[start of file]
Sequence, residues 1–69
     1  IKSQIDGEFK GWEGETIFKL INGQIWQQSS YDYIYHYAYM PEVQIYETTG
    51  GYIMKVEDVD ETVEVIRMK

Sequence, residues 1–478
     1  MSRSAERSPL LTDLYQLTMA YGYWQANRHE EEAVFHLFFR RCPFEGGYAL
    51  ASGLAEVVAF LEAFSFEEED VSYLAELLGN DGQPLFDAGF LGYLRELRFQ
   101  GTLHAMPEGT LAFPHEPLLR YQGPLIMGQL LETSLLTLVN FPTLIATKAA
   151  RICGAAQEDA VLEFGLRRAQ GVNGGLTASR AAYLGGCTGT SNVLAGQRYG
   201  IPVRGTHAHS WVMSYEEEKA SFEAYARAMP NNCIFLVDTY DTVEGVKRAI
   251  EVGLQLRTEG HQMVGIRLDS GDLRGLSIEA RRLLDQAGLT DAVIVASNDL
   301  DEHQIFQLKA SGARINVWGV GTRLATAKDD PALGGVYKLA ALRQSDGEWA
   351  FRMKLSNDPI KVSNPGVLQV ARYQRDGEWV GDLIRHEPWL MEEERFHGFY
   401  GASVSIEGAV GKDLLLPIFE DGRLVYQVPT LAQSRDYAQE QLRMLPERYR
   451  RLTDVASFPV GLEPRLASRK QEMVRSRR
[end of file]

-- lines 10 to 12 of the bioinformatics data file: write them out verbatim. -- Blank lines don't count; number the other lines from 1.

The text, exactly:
   251  EVGLQLRTEG HQMVGIRLDS GDLRGLSIEA RRLLDQAGLT DAVIVASNDL
   301  DEHQIFQLKA SGARINVWGV GTRLATAKDD PALGGVYKLA ALRQSDGEWA
   351  FRMKLSNDPI KVSNPGVLQV ARYQRDGEWV GDLIRHEPWL MEEERFHGFY